Mergesort in Erlang was to be my redemption–alas it was not

Well, once I got started, I kinda couldn’t help myself. I really should be debugging and cleaning up Mobtropolis, but sometimes, you need a break. To add to my shame of Erlang neophytism (probably not even a word), I tried out merge sort.

mergesort([Last]) ->
mergesort(List) ->
[Left, Right] = split(List, [], []),
io:format("~w ~w~n", [Left, Right]),
merge(mergesort(Left), mergesort(Right)).

split([Last], Acc1, Acc2)->
[ [Last | Acc1], Acc2 ];
split([First | Rest], Acc1, Acc2) when length(Acc1)
split(Rest, [First | Acc1], Acc2);
split([First | Rest], Acc1, Acc2) ->
split(Rest, Acc1, [First | Acc2]).

merge([], R) ->
merge(L, []) ->
merge([L_h | L_t], [R_h | R_t]) when R_h =
[R_h | merge([L_h | L_t], R_t)];
merge([L_h | L_t], [R_h | R_t]) ->
[L_h | merge(L_t, [R_h | R_t])].

Ugh. I thought mergesort would be my redemption, since in my mind, it looked shorter. But I ended up having to write split(), since I didn’t know the libraries well enough, and couldn’t think of a good list comprehension to split the list. Admittingly, it’s like deciding to forgo inventing the combustible engine and deciding to start walking–I just built it out what I little I knew. If you’re so inclined, you can also try one-liner-ing (also not a word) mergesort, as the bar I set was pretty low. 😦 Like Bryan says:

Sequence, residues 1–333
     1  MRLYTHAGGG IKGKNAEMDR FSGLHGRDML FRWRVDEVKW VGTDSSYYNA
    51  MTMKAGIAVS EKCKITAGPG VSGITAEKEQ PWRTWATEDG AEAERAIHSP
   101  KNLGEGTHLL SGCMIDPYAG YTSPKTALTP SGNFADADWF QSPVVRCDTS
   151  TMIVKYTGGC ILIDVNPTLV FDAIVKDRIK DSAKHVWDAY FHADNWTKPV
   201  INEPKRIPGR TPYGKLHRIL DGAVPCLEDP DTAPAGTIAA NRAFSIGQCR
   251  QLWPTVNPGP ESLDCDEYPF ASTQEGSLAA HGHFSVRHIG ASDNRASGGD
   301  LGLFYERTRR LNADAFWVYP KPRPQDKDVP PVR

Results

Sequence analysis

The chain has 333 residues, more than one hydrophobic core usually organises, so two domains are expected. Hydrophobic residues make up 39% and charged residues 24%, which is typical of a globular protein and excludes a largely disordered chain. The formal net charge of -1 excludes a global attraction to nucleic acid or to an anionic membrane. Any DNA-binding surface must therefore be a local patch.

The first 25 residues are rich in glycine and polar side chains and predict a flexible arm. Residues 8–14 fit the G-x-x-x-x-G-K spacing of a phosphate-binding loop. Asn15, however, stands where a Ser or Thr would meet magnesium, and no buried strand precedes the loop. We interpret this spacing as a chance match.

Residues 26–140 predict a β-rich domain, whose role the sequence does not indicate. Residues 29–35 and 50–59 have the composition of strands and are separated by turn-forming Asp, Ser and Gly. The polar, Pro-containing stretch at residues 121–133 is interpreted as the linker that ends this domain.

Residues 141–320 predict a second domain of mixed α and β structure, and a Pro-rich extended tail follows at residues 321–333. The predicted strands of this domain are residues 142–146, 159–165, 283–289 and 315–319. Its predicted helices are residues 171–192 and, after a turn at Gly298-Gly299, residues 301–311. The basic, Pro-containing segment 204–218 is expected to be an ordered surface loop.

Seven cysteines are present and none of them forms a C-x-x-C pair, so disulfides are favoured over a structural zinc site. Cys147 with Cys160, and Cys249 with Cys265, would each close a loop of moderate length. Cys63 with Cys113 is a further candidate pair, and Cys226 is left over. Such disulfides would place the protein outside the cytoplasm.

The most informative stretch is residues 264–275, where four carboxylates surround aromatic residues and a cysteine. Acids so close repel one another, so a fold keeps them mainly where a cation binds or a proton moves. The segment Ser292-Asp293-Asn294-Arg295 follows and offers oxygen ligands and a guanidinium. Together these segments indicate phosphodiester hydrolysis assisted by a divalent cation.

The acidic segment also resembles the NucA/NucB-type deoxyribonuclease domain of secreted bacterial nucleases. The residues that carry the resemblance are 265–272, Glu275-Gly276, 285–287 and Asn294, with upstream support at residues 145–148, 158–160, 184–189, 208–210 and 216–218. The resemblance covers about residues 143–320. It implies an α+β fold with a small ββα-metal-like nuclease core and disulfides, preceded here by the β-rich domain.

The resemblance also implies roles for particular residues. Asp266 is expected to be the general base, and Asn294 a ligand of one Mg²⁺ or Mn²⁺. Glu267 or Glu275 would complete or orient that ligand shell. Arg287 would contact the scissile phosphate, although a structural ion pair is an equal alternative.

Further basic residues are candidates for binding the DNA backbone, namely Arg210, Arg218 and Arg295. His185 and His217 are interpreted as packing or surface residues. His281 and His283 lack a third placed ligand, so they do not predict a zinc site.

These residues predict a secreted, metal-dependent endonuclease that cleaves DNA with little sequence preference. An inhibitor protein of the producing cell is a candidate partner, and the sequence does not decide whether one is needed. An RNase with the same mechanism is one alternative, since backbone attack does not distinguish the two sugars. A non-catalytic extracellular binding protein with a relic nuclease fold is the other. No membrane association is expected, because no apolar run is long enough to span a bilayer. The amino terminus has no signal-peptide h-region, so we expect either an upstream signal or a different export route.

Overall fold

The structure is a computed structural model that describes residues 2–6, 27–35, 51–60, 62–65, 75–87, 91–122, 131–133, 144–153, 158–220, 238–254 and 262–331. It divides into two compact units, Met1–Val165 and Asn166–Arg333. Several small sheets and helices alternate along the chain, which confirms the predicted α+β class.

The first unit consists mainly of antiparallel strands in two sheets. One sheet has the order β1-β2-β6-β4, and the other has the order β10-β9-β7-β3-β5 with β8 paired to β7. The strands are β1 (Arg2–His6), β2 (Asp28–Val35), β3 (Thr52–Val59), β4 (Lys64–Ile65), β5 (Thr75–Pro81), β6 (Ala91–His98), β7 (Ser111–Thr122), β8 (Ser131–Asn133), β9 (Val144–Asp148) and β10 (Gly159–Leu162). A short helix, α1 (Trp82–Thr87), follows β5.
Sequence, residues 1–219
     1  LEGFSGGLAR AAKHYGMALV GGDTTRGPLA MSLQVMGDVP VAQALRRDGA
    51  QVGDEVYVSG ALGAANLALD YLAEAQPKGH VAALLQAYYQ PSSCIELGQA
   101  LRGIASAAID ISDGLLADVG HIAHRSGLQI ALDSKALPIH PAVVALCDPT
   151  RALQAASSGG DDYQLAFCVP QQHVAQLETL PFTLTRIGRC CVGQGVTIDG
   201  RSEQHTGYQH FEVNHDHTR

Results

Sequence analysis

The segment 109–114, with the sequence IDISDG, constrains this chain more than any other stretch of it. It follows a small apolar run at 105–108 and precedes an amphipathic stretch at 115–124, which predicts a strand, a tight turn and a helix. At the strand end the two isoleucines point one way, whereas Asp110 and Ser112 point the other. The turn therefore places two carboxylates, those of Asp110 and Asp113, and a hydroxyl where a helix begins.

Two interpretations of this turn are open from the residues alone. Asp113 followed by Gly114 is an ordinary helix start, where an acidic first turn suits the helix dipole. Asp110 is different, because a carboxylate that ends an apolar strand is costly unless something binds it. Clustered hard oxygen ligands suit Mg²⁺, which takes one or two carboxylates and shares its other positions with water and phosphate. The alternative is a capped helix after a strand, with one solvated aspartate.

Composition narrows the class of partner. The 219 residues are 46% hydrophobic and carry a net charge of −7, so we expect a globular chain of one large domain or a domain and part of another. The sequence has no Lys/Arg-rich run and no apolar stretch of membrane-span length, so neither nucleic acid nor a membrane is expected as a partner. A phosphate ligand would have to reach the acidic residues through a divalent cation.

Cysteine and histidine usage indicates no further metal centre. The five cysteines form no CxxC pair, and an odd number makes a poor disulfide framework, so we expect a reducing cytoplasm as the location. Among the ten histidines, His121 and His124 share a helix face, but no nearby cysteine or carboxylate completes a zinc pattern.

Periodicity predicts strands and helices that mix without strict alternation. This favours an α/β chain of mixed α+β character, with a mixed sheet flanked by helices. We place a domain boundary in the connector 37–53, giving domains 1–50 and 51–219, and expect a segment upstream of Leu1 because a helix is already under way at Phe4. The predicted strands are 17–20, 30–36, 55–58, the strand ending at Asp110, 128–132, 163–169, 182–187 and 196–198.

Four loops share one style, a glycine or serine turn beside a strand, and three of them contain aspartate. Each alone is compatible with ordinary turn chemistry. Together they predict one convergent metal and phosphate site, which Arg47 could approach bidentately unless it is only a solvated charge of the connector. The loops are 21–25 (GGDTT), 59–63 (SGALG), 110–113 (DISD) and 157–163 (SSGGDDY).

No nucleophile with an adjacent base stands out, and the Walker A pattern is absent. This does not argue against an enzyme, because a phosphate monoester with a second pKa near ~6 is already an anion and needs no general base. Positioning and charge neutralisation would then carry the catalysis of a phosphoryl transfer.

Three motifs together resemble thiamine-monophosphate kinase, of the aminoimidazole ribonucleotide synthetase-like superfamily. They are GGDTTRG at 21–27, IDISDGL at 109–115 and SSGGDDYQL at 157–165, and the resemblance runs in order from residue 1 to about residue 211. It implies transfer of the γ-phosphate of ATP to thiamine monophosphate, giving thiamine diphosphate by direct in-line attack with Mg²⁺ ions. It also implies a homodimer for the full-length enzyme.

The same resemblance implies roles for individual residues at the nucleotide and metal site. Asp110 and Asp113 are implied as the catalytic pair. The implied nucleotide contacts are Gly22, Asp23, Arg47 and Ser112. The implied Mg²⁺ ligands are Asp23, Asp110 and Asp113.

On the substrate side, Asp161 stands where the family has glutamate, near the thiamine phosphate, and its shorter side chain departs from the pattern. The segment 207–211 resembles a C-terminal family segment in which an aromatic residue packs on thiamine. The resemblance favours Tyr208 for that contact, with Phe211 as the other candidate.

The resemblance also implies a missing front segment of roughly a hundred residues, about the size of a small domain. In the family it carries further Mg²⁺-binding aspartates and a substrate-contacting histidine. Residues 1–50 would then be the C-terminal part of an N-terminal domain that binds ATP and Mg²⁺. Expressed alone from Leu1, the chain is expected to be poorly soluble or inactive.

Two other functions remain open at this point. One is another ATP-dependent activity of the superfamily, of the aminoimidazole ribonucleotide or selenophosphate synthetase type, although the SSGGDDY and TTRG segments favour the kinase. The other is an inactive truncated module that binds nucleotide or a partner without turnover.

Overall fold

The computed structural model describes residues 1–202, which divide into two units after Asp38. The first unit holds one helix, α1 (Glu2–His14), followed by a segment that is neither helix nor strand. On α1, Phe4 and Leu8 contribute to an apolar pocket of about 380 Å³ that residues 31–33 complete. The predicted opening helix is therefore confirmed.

“Get back into Erlang! it’s good for you. ;)”

Speaking of Bryan, he posted a solution to bubblesort that was pretty good in the last post. It was a good lesson. Like anything worthwhile learning, languages are often easy enough to pick up, but hard to master. This was a good wakeup call to go through the examples in the book and master more Erlang before trying to write anything else on my own.


3 thoughts on “Mergesort in Erlang was to be my redemption–alas it was not

  1. Your example provides a good review of walking through and selecting elements in lists, but since you are working with <>lists<>, you really should be looking at the < HREF="" REL="nofollow"><>lists<> module documentation<>. Both split and merge are provided. It almost makes it feel like cheating:-module(merge).-export([sort/1]).sort(List) -> case length(List) of N when N > 1 -> {A,B} = lists:split(N div 2, List), lists:merge(sort(A), sort(B)); _ -> List end.Keep hacking!

  2. Yeah, I figured there’d be stuff in there that would make it feel like cheating. 🙂 Good show. I did rather like the bubblesort.I know I asked for one-liners, but is there a reason against using case statements? I’ve usually avoided them since my experience in C have seen people abuse them by putting overly complex code in huge case statements. Is there any such practice against overuse of case statements in Erlang that you know of?

  3. Well, I wouldn’t call myself deeply familar with lots of other people’s Erlang code. But, from what I’ve seen, there’s not so much of a ban on “case” as there is a strong dicouragement of case <>nesting<>. That can get as messy in Erlang as any other language.I usually use a case when there’s some value I want to memoize. For example, my code about could have been:sort(List) when length(List) > 1 -> {A,B} = lists:split(length(List) div 2, List), lists:merge(sort(A), sort(B));sort(List) -> List.It’s even shorter this way, but I didn’t like the look of computing length(List) twice.

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